Cynical use of religious symbols on Diwali

DECCAN CHRONICLE.
Published Oct 20, 2017, 3:11 am IST
Updated Oct 20, 2017, 3:14 am IST
As a party, the BJP needs to reflect on the use of religious symbols for politics.
Uttar Pradesh Governor Ram Naik and Chief Minister Yogi Adityanath with artistes dressed up as Lord Rama Sita and Lakshman during Deepotsav celebrations in Ayodhya. (Photo: PTI)
 Uttar Pradesh Governor Ram Naik and Chief Minister Yogi Adityanath with artistes dressed up as Lord Rama Sita and Lakshman during Deepotsav celebrations in Ayodhya. (Photo: PTI)

There is a statement attributed to Lenin in Russia before the Bolshevik revolution, when the Czars held power - that the greater the number of churches, the worse the condition of the people. The meaning is quite clear: The rulers promoted church-building to divert the attention of the populace from life’s torments resulting from misrule. This is something for the people of Uttar Pradesh to think about too. With the state having been handed over to a Hindu monk-politician of the communal variety to administer, conditions of everyday life have deteriorated rapidly in the recent period. This has not stopped Chief Minister Yogi Adityanath, personally, from foregrounding the mythology around Lord Rama and Ayodhya.

Recently a plan was unveiled to build a massive statue of the warrior Rama on the banks of the Saryu river in Ayodhya. That was topped in a sense on Wednesday when the river bank was converted into a reception site for Lord Rama returning from Lanka upon vanquishing Ravana, after which the celebration of Diwali followed.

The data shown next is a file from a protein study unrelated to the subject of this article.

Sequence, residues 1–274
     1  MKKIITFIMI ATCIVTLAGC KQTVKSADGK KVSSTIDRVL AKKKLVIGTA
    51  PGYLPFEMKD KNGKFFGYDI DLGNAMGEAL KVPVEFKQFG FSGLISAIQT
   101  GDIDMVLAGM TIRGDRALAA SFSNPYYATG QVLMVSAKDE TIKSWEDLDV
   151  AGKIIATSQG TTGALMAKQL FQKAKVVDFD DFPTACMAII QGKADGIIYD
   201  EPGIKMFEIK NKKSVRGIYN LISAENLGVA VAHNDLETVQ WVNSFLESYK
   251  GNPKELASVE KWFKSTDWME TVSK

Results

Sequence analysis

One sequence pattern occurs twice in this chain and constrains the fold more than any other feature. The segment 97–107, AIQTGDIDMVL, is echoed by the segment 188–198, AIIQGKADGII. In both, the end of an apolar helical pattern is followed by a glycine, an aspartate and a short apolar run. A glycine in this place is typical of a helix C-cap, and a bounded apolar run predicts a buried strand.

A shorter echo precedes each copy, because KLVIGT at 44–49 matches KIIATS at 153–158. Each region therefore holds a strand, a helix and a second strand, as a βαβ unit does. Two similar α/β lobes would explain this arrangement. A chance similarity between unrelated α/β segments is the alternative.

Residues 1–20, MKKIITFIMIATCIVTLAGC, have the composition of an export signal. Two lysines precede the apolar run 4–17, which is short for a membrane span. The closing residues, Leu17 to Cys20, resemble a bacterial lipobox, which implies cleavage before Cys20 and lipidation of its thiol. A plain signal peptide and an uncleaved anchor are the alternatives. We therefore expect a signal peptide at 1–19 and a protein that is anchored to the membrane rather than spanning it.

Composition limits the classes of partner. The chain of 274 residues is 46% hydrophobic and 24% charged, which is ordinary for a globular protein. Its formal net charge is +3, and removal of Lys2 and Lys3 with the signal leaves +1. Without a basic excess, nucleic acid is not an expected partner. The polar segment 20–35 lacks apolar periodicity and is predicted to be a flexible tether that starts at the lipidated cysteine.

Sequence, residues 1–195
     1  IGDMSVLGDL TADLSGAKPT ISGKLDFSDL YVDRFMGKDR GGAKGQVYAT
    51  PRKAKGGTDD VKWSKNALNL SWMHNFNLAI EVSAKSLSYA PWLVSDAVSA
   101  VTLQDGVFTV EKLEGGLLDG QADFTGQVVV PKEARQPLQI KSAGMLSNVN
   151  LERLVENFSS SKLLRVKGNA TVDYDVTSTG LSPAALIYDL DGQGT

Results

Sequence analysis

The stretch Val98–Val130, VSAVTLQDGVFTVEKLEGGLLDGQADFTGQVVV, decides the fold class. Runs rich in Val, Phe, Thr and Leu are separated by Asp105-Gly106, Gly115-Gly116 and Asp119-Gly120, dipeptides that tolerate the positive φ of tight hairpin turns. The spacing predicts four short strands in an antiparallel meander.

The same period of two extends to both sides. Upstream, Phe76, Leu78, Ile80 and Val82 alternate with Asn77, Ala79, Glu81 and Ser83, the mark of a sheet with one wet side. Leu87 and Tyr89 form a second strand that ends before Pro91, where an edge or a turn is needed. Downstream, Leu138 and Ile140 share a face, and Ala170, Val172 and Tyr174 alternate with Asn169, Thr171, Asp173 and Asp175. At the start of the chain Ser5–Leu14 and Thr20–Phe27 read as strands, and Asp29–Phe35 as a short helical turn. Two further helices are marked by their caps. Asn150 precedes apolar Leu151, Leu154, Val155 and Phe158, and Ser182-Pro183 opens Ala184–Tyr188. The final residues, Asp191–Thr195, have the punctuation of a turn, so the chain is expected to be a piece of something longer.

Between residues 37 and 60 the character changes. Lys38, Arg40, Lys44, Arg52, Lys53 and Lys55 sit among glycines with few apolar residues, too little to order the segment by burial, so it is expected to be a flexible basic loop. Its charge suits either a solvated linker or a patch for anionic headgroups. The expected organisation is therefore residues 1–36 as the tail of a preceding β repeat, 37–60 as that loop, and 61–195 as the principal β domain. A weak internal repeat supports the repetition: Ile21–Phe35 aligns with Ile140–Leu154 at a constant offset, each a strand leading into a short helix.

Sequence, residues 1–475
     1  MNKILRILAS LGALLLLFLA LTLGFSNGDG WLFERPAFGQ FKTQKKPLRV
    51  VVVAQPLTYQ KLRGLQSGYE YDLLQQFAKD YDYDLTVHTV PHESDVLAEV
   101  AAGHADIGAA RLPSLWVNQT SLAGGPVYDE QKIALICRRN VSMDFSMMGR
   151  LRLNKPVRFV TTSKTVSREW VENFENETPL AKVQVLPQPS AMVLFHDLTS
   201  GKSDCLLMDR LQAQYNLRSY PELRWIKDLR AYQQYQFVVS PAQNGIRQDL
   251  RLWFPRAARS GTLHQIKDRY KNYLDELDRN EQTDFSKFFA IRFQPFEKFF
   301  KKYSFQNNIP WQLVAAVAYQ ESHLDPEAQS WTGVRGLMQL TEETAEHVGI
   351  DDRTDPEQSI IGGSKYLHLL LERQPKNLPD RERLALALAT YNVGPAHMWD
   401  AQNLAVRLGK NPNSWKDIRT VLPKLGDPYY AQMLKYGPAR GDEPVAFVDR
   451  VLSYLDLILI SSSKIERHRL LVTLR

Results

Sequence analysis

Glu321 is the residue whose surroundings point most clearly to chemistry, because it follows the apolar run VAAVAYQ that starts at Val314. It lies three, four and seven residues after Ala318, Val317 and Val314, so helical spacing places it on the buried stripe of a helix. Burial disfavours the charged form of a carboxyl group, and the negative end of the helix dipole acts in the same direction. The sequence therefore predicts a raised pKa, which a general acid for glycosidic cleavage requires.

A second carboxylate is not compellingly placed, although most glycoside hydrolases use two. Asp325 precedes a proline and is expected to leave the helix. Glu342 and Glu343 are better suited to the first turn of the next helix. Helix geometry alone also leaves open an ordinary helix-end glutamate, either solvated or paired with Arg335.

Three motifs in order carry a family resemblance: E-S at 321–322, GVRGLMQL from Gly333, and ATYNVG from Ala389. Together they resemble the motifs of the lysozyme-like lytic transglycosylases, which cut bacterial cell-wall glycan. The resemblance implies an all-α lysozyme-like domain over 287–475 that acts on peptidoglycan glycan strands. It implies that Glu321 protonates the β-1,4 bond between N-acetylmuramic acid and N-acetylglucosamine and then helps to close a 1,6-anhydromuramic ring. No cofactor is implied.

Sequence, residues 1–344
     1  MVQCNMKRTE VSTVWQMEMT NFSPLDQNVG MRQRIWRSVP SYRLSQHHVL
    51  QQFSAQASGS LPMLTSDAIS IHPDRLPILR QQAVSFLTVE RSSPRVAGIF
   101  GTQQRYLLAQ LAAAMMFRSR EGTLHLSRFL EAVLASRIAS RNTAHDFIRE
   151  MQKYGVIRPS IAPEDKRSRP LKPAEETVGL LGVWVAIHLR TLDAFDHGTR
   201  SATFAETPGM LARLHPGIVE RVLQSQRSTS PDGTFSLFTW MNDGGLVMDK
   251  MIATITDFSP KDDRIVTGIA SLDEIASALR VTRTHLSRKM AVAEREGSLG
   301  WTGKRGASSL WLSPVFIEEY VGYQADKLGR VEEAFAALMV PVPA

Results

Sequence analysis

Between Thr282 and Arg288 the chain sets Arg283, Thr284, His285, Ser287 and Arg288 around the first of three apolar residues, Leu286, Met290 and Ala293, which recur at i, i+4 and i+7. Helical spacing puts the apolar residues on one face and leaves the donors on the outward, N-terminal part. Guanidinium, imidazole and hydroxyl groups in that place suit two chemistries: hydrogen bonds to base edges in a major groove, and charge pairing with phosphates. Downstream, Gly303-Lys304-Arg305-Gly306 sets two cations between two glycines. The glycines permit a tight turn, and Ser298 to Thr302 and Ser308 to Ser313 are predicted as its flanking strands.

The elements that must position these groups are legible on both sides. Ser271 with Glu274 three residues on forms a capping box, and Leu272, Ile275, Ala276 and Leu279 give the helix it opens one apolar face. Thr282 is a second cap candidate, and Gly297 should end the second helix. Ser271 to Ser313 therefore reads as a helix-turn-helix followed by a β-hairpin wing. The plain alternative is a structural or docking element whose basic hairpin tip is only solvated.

Around 400 models and artistes from Delhi and Mumbai, and Sri Lanka, Malaysia and Indonesia, were mobilised by the state to participate in a religio-cultural extravaganza, with the CM playing the master of ceremonies, and his ministers and the governor paying dutiful obeisance to actors in role playing Rama, Sita and Lakshman, as they dropped from the skies in helicopters.
The Lord Rama resides in the hearts of his devotees. Diwali, the gorgeous festival of lights, is celebrated in India not only by Hindus but by many people of other faiths - making it in some ways a national festival of sorts.

There were indeed periods when Mughal emperors sanctioned state festivities on the day of Diwali.  Our present-day rulers, however, stage this grand celebration stuff with an eye on the vote of people of the majority community through the fabrication of religious fervour when there is not much they have offered by way of governance.   

India is not the Hindu counterpart of the so-called Islamic Republics, which, in any case, are not multi-religious societies like ours. It is a secular republic by definition, which arose out of deep contemplation and debate.

The state cannot be a part of religious activities in India. Praises of divinity in any form, through routes followed by devotees of any faith, must necessarily be the province of individuals and civil society entities, and not the government.

The UP Chief Minister has disregarded this necessary attribute of our democracy. He has laid himself open to people of non-Hindu faiths pressing a demand to be shown the same consideration by the government. As a party, the BJP needs to reflect on the use of religious symbols for politics.  





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